April 7th, 2009

It was nearing midnight when the sound of the door opening woke her. “Come, they’re waiting for you,” the nun who’d escorted her to the room said.

Aisling slipped from the bed. “I’d like my clothes back.”

“They’re being washed. When they’re clean, they’ll be returned.”

It was such a small thing, considering everything that had happened and might yet happen, but the knowledge she’d soon be wearing her own clothing lifted Aisling’s spirits. “Thank you,” she whispered as Aziel reclaimed his perch on her shoulder.

The nun’s expression gentled. “Come,” she said, her voice warmer. “They’re waiting for you. I believe it must be important given the mayor’s presence.”

Aisling was led to a room. It was cold, as if it wasn’t used much and therefore wasn’t heated often. Though the nun had said the mayor waited, there were only two men in the room, one was the priest who’d come for her, the other a much older man wearing blood-red robes.

“You’ve met Father Ursu,” the unknown priest said. “I’m Bishop Routledge. Your services are needed. In exchange for a successful performance of them, you’ll be granted a license to practice your skills in Oakland. You’ll be provided with a residence in the area of town where others with controversial abilities have settled. You’ll also receive vouchers for food and transportation as well as a small fee in order to ease your transition.”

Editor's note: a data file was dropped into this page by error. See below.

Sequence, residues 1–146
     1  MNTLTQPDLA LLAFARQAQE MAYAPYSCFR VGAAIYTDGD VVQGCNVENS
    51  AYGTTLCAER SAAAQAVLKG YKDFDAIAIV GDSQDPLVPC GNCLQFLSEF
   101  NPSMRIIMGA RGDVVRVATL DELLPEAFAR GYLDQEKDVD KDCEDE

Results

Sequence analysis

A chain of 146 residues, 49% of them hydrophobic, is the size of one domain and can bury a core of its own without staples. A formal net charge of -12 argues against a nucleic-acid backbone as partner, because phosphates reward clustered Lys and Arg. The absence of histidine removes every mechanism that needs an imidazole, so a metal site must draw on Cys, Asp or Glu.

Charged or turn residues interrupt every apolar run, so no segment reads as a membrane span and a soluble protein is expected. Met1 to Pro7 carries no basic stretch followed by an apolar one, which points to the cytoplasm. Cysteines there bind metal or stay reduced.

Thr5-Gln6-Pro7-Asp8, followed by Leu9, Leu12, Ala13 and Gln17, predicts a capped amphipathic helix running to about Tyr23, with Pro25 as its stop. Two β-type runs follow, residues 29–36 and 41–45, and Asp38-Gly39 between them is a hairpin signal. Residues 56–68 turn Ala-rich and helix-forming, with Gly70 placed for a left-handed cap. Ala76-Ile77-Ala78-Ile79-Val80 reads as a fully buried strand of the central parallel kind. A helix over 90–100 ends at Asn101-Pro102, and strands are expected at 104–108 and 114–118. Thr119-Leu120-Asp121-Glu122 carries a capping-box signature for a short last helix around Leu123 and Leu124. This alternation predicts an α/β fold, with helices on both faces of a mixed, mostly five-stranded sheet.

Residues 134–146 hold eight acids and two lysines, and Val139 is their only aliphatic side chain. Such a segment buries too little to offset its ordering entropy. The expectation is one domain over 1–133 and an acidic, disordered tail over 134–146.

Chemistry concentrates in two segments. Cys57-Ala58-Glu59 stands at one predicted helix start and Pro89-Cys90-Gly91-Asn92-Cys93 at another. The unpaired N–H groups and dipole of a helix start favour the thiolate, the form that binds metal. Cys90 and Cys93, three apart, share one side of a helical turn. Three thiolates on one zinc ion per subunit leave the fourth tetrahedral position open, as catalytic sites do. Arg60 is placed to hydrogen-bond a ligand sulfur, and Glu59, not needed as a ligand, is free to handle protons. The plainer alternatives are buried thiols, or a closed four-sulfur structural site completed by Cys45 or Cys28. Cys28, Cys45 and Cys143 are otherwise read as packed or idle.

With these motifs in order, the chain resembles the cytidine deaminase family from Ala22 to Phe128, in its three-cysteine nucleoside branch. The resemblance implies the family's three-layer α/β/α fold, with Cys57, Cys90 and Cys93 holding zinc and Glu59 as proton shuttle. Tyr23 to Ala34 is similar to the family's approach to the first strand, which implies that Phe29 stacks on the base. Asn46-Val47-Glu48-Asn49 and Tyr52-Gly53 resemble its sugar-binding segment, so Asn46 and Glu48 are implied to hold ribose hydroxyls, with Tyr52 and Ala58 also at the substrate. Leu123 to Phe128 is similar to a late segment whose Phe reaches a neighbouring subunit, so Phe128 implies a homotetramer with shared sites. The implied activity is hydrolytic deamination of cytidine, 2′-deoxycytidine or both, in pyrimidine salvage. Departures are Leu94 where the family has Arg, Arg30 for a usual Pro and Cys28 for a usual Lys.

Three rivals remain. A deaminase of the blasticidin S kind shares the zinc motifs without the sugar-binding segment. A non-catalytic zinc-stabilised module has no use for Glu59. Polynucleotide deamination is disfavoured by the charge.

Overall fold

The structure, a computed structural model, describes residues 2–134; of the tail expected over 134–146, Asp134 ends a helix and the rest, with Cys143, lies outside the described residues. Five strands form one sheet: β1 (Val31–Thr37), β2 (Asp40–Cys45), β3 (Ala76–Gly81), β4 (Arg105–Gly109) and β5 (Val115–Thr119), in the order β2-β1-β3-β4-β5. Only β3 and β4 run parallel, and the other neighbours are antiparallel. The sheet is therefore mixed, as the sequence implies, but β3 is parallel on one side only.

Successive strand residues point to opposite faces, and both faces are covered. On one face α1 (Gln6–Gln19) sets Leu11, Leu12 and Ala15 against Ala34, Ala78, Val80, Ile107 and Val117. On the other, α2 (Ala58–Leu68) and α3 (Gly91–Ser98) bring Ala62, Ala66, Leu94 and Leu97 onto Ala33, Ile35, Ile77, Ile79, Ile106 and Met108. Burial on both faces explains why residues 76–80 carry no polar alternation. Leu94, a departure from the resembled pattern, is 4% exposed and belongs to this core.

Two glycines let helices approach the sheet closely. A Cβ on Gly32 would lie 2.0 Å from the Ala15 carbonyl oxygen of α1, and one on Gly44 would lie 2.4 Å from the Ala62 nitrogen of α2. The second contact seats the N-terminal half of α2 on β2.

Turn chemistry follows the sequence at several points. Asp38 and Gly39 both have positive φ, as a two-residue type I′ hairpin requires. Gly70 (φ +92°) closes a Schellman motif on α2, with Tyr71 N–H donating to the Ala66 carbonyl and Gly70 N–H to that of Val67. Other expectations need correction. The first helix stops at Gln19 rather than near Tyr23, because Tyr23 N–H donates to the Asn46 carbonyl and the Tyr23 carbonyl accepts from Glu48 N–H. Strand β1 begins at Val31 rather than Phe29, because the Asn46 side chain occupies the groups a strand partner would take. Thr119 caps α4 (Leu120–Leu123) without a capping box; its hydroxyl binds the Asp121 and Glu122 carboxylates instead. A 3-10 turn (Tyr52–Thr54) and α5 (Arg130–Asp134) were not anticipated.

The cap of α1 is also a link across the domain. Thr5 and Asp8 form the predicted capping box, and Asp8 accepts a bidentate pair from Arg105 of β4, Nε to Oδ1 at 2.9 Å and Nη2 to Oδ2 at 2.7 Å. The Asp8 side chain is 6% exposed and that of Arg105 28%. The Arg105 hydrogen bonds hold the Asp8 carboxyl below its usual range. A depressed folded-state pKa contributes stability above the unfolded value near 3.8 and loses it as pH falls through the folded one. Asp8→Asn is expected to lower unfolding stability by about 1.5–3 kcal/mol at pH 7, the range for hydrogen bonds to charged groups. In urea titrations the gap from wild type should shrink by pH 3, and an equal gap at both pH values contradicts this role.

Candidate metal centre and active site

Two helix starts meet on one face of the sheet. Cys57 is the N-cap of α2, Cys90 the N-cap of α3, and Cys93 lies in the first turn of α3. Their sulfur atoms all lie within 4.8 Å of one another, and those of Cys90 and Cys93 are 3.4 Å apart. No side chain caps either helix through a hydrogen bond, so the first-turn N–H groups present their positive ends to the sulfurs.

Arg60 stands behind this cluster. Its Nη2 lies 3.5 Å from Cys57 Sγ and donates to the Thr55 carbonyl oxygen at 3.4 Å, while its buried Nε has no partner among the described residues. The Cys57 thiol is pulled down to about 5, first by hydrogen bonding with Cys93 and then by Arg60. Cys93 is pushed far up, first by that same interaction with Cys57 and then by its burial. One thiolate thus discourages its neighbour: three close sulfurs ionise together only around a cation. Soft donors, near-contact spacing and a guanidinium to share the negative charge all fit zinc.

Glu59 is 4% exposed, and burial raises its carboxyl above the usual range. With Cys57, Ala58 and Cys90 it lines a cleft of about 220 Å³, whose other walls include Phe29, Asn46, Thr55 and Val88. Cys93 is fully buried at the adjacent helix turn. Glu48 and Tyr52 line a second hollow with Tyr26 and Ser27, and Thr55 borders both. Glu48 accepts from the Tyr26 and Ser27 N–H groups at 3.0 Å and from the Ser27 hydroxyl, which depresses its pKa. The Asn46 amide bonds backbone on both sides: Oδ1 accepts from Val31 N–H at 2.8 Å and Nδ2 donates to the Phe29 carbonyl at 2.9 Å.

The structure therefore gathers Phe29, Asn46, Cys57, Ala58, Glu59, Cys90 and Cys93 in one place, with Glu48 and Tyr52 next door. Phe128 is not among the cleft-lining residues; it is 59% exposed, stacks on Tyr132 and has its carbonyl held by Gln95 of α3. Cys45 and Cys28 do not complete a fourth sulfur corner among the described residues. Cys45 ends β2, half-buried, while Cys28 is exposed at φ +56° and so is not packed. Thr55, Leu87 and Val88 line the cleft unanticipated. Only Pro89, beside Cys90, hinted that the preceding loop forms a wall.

He started to turn away. Aisling said, “Father Ursu told me I’d be allowed to return home.”

The bishop halted. He smiled though it didn’t reach his eyes. “Returning home with a financial reward is a possibility. But first let’s see if you succeed tonight.”

Aisling tried to appear confident, unafraid. His voice and wording confirmed what she already knew. There was no choice about whether or not she would help them. “What service have I been brought here to perform?”

“An important constituent is in need of aid. He asked me to act as a go-between. A woman acquaintance of his has disappeared. The police haven’t been able to find out what happened to her. Our constituent wants closure, even if the news is bad. It’s not something the Church would typically condone or take part in but there are extenuating circumstances. We’re hoping a shaman or shamaness might be able to locate her, especially if her soul has already departed.”

Bishop Routledge retrieved a photograph from a table Aisling hadn’t noticed. He handed the picture to her. “The woman’s name is Elena Rousseau. I fear time is of the essence. Father Ursu will remain with you. I have other matters to attend to.”

The bishop left the room without another word. Father Ursu indicated a chair next to the table. “I’ve witnessed this kind of thing before. I won’t interfere.” He picked up a chalice and handed it to her.